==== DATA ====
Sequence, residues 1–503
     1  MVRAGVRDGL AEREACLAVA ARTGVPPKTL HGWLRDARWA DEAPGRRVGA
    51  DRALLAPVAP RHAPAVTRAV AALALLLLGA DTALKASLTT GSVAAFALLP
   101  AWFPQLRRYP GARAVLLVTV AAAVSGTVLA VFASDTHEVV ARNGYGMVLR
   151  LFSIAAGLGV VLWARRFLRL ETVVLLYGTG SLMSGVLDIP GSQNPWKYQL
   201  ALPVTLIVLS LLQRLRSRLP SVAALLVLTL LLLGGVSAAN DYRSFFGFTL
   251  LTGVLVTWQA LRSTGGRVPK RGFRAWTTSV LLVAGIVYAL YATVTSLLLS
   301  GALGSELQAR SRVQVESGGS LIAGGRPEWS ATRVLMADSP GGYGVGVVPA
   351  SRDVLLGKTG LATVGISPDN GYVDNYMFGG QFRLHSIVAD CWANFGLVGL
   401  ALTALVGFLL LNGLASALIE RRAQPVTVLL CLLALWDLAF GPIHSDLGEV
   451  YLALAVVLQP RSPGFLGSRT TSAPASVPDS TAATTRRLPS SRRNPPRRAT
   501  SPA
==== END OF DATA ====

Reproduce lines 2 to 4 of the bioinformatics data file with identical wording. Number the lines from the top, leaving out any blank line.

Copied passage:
     1  MVRAGVRDGL AEREACLAVA ARTGVPPKTL HGWLRDARWA DEAPGRRVGA
    51  DRALLAPVAP RHAPAVTRAV AALALLLLGA DTALKASLTT GSVAAFALLP
   101  AWFPQLRRYP GARAVLLVTV AAAVSGTVLA VFASDTHEVV ARNGYGMVLR